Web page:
Research suggests Sunderland’s average house prices show a month-on-month increase in their value.
Yet their cost is still less than what they were worth 12 months ago.
Figures researched by regional property firm KIS Group indicate that the value of properties in the city have risen by 2.9 per cent between October and November with the average cost now £138,405.
But the statistics, based on nationwide data, show a fall of 5.8 per cent from £146,926 for the same period in 2016.
With a typical North-East property currently valued at £167, 401, compared to £171,286 at the end of November 2016, the figures suggest average property prices are 2 per cent lower than last year.
Prices are currently below levels recorded 12 months ago in 18 of the 20 areas surveyed – but are up year-on-year in North Shields (1.1 per cent) and Darlington (0.7 per cent).
Homes in Jarrow (-9.3 per cent) South Shields (-7.3 per cent) and Easington (5.7 per cent) have performed the weakest over the past 12 months with properties in Jarrow having lost £13,262 of their value in cash terms.
Ajay Jagota, founder and managing director of KIS Group, based in South Shields, said: “North-East homeowners might be concerned when they hear that property prices are down 2 per cent year-on-year, not least as they were 8 per cent up this time last year.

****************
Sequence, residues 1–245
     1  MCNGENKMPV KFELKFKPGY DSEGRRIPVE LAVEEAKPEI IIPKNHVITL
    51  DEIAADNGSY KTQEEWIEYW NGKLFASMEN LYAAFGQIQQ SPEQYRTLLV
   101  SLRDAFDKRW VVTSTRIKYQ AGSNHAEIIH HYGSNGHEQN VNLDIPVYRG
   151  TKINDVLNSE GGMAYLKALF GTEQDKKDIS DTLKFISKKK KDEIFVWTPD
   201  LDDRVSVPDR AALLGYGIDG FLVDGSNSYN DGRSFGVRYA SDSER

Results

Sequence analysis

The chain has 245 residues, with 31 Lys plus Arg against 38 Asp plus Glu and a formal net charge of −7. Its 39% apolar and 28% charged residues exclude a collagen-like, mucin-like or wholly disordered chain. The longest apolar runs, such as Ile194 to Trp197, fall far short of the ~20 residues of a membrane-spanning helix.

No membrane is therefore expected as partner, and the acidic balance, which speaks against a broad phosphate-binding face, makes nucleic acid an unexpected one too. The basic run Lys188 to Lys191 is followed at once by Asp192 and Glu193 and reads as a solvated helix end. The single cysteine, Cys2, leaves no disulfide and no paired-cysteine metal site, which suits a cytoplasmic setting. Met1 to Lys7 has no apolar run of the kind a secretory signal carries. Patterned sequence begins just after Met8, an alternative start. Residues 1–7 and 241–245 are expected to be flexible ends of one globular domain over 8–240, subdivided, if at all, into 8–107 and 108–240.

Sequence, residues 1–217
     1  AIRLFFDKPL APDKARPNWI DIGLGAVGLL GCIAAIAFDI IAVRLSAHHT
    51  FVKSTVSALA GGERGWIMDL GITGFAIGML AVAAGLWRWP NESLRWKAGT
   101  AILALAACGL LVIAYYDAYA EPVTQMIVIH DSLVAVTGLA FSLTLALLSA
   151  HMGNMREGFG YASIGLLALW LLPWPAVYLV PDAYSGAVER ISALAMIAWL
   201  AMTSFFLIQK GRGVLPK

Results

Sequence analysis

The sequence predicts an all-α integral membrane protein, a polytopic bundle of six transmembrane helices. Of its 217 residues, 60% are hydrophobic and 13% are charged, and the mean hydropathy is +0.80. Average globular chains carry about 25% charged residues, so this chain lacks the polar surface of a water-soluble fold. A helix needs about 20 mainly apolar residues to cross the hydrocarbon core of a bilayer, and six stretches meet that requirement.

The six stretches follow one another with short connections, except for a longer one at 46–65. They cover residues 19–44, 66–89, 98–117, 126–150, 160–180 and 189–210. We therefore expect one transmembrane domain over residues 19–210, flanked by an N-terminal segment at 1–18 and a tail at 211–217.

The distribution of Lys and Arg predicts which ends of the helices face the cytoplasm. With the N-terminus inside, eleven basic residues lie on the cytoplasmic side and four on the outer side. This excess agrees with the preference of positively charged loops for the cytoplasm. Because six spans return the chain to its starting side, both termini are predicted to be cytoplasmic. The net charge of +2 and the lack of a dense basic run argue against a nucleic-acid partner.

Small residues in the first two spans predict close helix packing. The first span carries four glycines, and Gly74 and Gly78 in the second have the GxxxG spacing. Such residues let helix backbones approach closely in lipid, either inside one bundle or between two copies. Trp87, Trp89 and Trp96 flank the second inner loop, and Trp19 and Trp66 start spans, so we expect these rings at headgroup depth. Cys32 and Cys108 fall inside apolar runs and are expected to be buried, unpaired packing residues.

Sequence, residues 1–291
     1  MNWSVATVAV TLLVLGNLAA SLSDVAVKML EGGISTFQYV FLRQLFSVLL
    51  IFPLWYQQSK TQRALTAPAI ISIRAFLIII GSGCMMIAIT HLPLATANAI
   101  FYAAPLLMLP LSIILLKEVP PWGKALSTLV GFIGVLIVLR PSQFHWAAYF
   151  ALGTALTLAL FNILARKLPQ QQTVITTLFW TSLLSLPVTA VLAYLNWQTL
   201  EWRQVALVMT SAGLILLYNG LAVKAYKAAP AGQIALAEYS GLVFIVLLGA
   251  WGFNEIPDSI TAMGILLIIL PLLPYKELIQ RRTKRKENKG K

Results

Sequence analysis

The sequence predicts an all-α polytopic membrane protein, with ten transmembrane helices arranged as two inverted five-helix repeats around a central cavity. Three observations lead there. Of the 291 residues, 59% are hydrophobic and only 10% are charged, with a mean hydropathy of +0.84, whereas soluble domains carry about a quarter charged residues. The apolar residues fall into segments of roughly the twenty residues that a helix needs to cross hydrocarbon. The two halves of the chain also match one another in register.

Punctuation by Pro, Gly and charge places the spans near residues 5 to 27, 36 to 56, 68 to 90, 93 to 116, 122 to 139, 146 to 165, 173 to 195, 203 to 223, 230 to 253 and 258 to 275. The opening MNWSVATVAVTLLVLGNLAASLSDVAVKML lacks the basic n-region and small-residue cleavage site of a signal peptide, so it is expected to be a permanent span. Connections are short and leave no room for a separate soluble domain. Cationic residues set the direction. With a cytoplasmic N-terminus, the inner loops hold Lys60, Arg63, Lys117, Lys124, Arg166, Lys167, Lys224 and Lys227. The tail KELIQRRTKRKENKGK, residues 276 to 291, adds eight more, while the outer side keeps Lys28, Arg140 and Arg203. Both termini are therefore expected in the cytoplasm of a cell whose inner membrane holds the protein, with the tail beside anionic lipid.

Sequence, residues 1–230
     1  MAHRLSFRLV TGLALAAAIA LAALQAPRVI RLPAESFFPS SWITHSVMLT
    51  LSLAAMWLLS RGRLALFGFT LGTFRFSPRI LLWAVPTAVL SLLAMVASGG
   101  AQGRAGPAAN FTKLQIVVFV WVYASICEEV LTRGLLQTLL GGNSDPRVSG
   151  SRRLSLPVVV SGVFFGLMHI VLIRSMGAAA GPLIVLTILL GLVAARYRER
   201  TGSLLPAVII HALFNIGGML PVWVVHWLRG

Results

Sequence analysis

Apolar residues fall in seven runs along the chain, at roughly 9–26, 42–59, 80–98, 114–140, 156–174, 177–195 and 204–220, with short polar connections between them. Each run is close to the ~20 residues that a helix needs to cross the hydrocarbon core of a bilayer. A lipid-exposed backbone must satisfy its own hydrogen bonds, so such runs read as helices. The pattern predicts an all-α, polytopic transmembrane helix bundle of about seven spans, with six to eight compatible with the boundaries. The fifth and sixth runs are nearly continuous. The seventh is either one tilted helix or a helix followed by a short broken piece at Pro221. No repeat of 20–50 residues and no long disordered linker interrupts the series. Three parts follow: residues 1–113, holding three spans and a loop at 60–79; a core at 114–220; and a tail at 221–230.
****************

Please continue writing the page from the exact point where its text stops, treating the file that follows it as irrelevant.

“But it’s important to remember that prices were abnormally high in November 2015 so this may be an unhelpful comparison.
“What is more important is that they are up 0.6 per cent month-on-month. Next month’s figures will give us a much clearer picture of home regional property prices have performed over the course of the year.
“It’s very noticeable this month that price growth seems to be driven by the south of the Tyne in places like Sunderland, Jarrow and Easington.
“In the past we’ve tended to see stronger growth north of the river.
“In a time of low wage growth and economic uncertainty it’s good news for renters that rents are almost unchanged over the past 12 months, although it remains hard to argue that their tenancy deposits would be better off being put toward a deposit for their own property.”